Music - September 15, 2005
Black Rebel Motorcycle Club lose their cool and find their soul with Howl.
by Jeff Inman
In the Venue
219 S. 600 West
Friday, Sept. 16
Peter Hayes wants to make this clear from the get-go: “I’m happy to talk about the things that I want to talk about, which is music,” the Black Rebel Motorcycle Club guitarist says bluntly. “Everything else doesn’t really matter.”
Honestly, that’s hard to believe. Few bands have been through the kind of hell the group endured for the past few years. BRMC watched as its drummer was kicked out of the country for overstaying his visa. The band decided to head to London, got on each other’s nerves, benefited from Bono’s political might, were let back in the US, lost their record deal, then lost their drummer, discovered Americana, revamped their sound, and got a new deal. Oh, and drummer Nick Jago decided to rejoin his former partners—Hayes and bassist Robert “Turner” Been—just as the pair were wrapping up work on the band’s third disc, Howl. To quickly dismiss all that—well, it’s a little strange.
But Hayes knows the drill. Howl hasn’t been out more than a couple weeks and the story of BRMC’s near destruction and sudden overhaul has already been rehashed a thousand times. And sitting through another interview that picks at the scabs of his life: It just doesn’t sound that fun.
“We’ve gotten this reputation of being angry or sad or something because we don’t want to talk that much,” he says. “But honestly, there are some things you’d rather not get into. It’s taken me awhile to learn that, that I can just not talk about something and move on.”
Besides, Hayes has something he should be screaming from the rooftops about. While BRMC’s previous two records, 2000’s B.R.M.C. and 2003’s Take Them On, On Your Own, were both solid discs, braiding feedback around thick walls of distortion and relentless beats, they were James Dean—too cool for their own good. They sweated cred and promise. Reeked of it, actually.
But they also felt a little fleeting. Though each differed slightly—B.R.M.C. was melancholic; Take Them On more aggressive—the discs were really just modernist makeovers of the ballsy psychedelia Brits like the Jesus & Mary Chain invented and then quickly abandoned in the late ’80s and early ’90s. In the face of nü metal, both albums were exciting and different, but ultimately the two records suffered from the same thing the English bands did: monotony.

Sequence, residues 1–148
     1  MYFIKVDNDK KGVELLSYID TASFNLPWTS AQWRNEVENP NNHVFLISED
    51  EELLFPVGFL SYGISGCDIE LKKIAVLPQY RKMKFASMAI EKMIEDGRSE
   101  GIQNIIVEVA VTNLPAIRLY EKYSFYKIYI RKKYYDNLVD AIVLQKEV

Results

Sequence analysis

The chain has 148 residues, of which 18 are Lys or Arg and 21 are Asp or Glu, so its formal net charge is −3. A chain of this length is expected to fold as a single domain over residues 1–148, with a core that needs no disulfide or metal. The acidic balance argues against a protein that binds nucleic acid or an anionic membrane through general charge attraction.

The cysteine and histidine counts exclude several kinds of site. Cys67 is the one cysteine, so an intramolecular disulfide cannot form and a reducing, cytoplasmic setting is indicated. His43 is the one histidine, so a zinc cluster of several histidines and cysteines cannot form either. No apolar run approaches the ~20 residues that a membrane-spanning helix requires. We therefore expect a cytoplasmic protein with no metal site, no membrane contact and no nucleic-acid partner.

Howl is a complete reversal. In fact, it’s hard to believe this came from the same band. The disc opens with a choir of voices purring “Time won’t save our souls” like a bunch of Southern Baptists on Sunday morning. There’s no way BRMC of four years ago would have even thought of doing something like that, let along using it as a lead-in to a front porch stomp track like “Shuffle Your Feet.” Same goes for raging battles between God and the Devil, sinners and saints, and those fighters seeking salvation.
Before, Hayes and Been sang almost exclusively about sex, danger and depression. Now the two have divided up their lyrics like they’re about to play Risk: The Armageddon Version. Whoever wins, they’ll side with, though with tracks like “Gospel Song” and “Promise,” it’s obvious whom they’re rooting for.
More importantly for Hayes, though, is that those songs are like a new set of clothes. He felt as trapped in BRMC’s reputation as anyone. By remaking the band, he’s proving he’s more than anyone gave him credit for.
“It’s fun to finally have all this in the open,” he says. “It’s something we’ve been talking with journalists and musicians about for years—that we love Johnny Cash, Sam Cooke, the Staple Singers, Motown, and so much more. But that never came across in interviews, that we were coming from all these different places. They’d just say we loved the Jesus & Mary Chain. But it’s all rock & roll. It’s a spirit, not a sound.”
And that’s what Hayes is hoping Howl will remind people of. While the disc might have been made during a tornado of turmoil, the songs became a haven. During those months Jago was absent from the band, Hayes and Been would often hide in the studio, just trying out new sounds, playing up new ideas. For a little while, they could shut the world out and actually have fun.
“Those old albums by the Beatles and the Beach Boys: You can hear them having a good time,” Hayes says. “You don’t hear that so much anymore. Now it’s about money and fashion and fame. It’s not about fun. And maybe I’m selfish, but I wanted to be a part of those records that were just fun, that invited you into the album so you could have a good time with them. There were a lot of happy accidents on this album, and I think that gave it the spirit of those records. I couldn’t ask for more than that.”